On further questioning by defendant about the impact of community supervision for life, Judge Koenig explained that when he was paroled, the police in the town where he intended to live would be notified. Further, depending on his level of dangerousness, community organizations might be notified. If he was considered a predatory offender of the highest order, the public might be notified of his presence in the community. Defendant stated that he understood this.

The prosecutor also commented that, if defendant moved to Ohio, New Jersey would notify Ohio that he intended to reside there and that it would be up to Ohio to decide, if it had a statute similar to Megan's Law, whether or not to put him on community supervision for life. The judge then asked defendant if he had any other questions about the Megan's Law form and he said he did not think so.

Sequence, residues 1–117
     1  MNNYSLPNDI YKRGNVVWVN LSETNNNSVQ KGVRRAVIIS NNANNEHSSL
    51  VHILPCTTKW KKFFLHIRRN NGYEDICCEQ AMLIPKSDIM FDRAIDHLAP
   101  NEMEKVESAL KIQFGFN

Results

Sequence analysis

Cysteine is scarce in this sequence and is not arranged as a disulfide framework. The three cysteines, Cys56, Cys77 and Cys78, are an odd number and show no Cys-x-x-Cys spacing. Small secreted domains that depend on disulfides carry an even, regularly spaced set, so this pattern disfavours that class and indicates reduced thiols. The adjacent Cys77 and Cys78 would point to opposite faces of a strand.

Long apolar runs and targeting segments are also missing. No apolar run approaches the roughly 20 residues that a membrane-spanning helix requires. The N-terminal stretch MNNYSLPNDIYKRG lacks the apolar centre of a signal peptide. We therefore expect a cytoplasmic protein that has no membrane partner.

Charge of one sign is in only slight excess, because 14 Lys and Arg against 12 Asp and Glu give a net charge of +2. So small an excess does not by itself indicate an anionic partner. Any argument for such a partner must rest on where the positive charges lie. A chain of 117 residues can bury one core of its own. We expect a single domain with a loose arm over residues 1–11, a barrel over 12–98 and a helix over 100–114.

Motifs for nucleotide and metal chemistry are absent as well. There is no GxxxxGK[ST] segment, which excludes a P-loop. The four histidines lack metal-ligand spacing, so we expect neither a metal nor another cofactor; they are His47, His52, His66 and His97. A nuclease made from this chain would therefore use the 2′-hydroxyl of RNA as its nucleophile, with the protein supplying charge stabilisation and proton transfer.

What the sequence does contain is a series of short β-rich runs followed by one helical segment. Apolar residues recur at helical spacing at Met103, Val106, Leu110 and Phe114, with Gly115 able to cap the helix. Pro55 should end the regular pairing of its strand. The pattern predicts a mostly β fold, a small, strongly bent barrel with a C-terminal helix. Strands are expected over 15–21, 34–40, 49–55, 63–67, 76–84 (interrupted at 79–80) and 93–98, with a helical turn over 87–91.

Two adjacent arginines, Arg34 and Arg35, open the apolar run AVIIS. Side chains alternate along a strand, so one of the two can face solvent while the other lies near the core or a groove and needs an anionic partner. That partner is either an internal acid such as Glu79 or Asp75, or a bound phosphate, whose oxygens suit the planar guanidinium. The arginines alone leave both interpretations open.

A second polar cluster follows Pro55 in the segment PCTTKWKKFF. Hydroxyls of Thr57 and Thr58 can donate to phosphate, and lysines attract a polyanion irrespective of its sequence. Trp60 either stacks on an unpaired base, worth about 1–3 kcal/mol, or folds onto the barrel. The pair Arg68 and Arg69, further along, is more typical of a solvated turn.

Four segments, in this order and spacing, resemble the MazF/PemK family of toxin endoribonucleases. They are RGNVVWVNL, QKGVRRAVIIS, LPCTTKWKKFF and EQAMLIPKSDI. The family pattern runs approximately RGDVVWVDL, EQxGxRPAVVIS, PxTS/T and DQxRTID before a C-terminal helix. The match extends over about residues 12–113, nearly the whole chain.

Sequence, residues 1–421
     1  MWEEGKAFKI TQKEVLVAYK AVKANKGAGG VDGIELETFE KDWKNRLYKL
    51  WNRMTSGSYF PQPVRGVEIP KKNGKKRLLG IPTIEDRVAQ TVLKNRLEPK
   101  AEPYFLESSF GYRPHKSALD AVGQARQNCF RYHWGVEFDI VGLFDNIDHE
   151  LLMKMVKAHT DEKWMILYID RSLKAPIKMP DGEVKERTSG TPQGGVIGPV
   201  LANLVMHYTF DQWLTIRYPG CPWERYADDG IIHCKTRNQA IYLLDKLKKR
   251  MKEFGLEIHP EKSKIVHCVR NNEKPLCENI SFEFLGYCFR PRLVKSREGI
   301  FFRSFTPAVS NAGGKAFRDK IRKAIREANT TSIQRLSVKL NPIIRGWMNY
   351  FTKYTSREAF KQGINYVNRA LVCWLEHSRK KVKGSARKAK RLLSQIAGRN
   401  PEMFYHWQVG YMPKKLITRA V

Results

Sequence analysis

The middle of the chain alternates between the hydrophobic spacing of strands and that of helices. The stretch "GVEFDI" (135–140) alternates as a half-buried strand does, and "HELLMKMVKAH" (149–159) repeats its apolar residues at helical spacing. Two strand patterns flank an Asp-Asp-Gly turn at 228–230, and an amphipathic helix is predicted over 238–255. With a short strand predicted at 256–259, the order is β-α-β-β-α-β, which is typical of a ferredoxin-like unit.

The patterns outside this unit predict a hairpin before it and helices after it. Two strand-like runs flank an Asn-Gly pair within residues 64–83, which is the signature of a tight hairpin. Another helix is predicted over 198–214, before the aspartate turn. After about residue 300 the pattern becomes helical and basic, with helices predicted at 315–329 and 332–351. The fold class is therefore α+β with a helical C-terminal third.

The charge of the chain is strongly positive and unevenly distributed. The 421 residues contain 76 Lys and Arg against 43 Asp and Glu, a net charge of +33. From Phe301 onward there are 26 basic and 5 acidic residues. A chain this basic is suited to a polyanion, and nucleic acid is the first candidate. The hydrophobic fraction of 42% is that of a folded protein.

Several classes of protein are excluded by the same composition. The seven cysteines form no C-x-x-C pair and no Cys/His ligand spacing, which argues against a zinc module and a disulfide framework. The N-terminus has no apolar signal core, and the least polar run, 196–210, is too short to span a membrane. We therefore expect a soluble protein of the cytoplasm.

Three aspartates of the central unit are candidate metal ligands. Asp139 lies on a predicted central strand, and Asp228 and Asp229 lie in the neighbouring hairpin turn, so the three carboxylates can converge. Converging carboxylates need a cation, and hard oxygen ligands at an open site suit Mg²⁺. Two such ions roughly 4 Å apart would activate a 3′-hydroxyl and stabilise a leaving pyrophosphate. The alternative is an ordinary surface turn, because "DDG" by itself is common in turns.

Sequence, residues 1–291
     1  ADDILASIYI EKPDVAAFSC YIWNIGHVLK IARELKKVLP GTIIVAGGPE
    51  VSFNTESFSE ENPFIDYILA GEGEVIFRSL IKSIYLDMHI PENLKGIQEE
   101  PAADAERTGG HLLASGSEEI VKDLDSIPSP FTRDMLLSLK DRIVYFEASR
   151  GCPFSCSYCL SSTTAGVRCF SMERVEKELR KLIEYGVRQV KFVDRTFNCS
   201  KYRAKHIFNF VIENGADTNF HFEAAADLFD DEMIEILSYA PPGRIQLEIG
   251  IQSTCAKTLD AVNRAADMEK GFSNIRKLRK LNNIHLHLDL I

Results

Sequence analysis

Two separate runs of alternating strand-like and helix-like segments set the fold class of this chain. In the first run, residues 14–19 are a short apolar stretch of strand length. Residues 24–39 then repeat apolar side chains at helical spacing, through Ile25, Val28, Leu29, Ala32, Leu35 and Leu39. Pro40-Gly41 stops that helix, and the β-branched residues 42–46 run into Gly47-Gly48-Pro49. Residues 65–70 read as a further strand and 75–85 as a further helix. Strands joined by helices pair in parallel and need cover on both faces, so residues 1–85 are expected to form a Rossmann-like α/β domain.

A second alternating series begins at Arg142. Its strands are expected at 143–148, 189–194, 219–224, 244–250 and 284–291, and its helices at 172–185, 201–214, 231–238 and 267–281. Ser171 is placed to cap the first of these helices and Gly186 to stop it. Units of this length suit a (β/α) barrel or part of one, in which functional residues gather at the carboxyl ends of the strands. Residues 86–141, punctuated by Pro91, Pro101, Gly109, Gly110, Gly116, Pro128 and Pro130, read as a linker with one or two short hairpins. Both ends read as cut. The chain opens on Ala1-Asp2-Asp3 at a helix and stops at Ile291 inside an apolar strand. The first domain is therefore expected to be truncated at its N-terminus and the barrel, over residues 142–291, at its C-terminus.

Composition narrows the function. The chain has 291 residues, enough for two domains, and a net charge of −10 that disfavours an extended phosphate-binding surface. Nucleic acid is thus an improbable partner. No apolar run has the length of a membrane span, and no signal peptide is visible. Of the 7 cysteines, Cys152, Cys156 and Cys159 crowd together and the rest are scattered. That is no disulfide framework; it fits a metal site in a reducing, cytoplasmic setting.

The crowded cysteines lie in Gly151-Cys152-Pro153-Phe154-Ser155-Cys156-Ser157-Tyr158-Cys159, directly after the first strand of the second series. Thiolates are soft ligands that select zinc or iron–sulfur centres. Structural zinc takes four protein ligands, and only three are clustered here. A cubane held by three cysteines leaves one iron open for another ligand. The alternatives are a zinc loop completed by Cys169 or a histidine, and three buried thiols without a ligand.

Although counsel on this appeal contends that there was only a cursory and vague discussion of community supervision for life, the above discussion is not properly characterized in that fashion. We cannot imagine what restriction on his daily life was not adequately explored during the plea hearing. We know of no case suggesting that a defendant pleading to a sex crime be advised that violation of community supervision for life is a fourth-degree offense. This is an issue which also could have been raised on direct appeal but, as earlier discussed, no such appeal was filed.

Under the four-point standard in the recent opinion of Chief Justice Rabner, State v. Slater, ___ N.J. ___ (2009) (slip op. at 1-2), we find no mistaken exercise of discretion by Judge Kelly in refusing PCR relief. In sum, we see no colorable claim of innocence in this record and no persuasive reason for withdrawal of the guilty plea. Defendant had the benefit of a fair plea bargain, and obviously the substantial lapse of time alone is prejudicial and unfair to the State.